Health knowledge made personal
Join this community!
› Share page:
Go
Search posts:

Facing change/transition is a pe ...

Posted Nov 05 2008 12:01pm

Facing change/transition is a perfect time to use our "scrupulously honest" observation skills. I've found that assessing how ready we are for a change is greatly helped by accepting our true feelings (all of them, of course).


After agreeing with ourselves that will look at a situation clearly and openly (scrupulously honestly), we can move through some steps that guide us toward a final decision about how to proceed.

First, we should predict we will encounter an assortment of feelings regarding the situation. Rarely in life do we have only one emotion at one time; life is far more complicated than that, and human beings are far more complicated than that. Anticipating we'll have more than one feeling (or more than one "shade" of feeling) about what we are facing helps us not feel blindsided by our experience (it also helps remind us that we aren't nuts for possessing a range of emotions- we are quite normal).

Second, we should accept that we may have ambivalence, even if on balance we are in favor of the change. Because, again, life is complicated and multi-faceted (that's why the word "bittersweet" was invented I think). Ambivalence, in and of itself, doesn't mean we are making a mistake.

Third, I find it useful to pretend I'm a lawyer or scientist, and then try to make a case for both sides of my decision. Say I'm thinking of making a major living situation change, as is MysteriousDream. I'd try to come up with all the arguments I can think of for why making the change is the best decision and why it is not the best decision.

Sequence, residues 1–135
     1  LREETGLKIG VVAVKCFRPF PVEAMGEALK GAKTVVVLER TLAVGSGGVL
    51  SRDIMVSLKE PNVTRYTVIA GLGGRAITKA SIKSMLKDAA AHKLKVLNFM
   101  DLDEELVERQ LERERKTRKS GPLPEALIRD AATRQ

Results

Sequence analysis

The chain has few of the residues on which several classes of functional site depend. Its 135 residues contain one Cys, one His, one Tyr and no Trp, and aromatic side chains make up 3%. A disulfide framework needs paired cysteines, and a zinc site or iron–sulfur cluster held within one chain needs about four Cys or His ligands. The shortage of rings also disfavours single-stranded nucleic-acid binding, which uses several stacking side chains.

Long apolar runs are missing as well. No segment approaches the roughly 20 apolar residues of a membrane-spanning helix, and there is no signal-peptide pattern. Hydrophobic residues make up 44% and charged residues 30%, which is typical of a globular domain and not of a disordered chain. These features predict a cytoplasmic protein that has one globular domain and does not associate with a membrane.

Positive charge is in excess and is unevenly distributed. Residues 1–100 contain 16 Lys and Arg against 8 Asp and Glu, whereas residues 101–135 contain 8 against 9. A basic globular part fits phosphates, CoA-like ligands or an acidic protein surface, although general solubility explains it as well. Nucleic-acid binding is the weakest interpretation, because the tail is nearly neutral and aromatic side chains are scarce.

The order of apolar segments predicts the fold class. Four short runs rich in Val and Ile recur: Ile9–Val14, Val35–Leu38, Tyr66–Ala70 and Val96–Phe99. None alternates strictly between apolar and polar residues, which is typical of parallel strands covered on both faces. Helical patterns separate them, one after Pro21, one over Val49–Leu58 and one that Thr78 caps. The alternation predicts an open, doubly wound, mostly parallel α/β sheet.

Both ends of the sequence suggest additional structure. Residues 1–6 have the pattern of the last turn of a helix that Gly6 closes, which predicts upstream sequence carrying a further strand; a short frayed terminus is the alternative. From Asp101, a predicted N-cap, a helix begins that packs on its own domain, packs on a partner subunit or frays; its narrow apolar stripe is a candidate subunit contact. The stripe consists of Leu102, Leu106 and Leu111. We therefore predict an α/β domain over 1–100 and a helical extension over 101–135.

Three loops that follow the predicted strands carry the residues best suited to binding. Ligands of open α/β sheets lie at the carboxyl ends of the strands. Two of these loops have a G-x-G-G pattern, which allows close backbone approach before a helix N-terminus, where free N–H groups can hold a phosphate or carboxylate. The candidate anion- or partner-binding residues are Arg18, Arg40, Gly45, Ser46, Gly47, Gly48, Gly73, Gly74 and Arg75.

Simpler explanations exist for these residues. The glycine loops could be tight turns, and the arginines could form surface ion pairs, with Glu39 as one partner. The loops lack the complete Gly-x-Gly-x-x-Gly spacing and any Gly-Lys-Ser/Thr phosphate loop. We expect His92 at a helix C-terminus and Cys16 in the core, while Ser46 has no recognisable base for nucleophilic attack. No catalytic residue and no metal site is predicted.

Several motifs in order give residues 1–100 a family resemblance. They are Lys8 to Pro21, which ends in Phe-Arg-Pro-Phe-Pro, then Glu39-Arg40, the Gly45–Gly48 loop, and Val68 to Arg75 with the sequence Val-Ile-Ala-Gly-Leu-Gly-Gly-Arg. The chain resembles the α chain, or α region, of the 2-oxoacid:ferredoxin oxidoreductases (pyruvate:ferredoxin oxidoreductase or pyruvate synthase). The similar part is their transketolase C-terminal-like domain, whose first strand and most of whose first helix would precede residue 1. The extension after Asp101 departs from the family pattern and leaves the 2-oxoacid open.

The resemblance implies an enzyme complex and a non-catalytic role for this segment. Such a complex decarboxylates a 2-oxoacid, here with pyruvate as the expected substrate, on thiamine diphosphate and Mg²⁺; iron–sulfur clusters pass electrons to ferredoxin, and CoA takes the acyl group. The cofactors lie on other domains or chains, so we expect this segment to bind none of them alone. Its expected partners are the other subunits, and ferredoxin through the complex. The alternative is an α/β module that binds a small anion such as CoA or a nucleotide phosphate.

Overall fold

Notice I didn't mention the phrase "right" or "wrong" decision. To use these words often gets us into that perfectionistic thinking stuff, which is never helpful. In general, I prefer "best" decision, because that word implies there may be a variety of options possible, and that several or many of them have merit. The goal is ultimately to choose the option with the most to recommend it.

It's also worth remembering that sometimes we're choosing between a bunch of terrific options, all of which we are interested in and any of which we'd be satisfied with. Other times we must choose between options, none of which are appealing- or worse- and the chore in these times is to choose "the most tolerable" or "the least awful" option. 

Finally, I try to tell myself that the decision I'm making is based on my most thoughtful and educated decision-making skills, and the most thorough information I have available to me at this tim e. I can't predict the future. All I can do is make the best choice I can in the present. Most decisions (not all, but many) can be amended (some can even be reversed) down the line. In fact, I like to think of life as a big experiment, in which we make decisions, see what the effects are, and then make modifications based on what we've learned. This way of thinking helps take some pressure off- we don't feel so much as if we have to make "the perfect" choice (the idea of which we all know is a myth, especially for the bigger decisions in life- we might be able to choose "the perfect pair of shoes" but that's not the kind of decisions I'm talking about here).

Post a comment
Write a comment:

Related Searches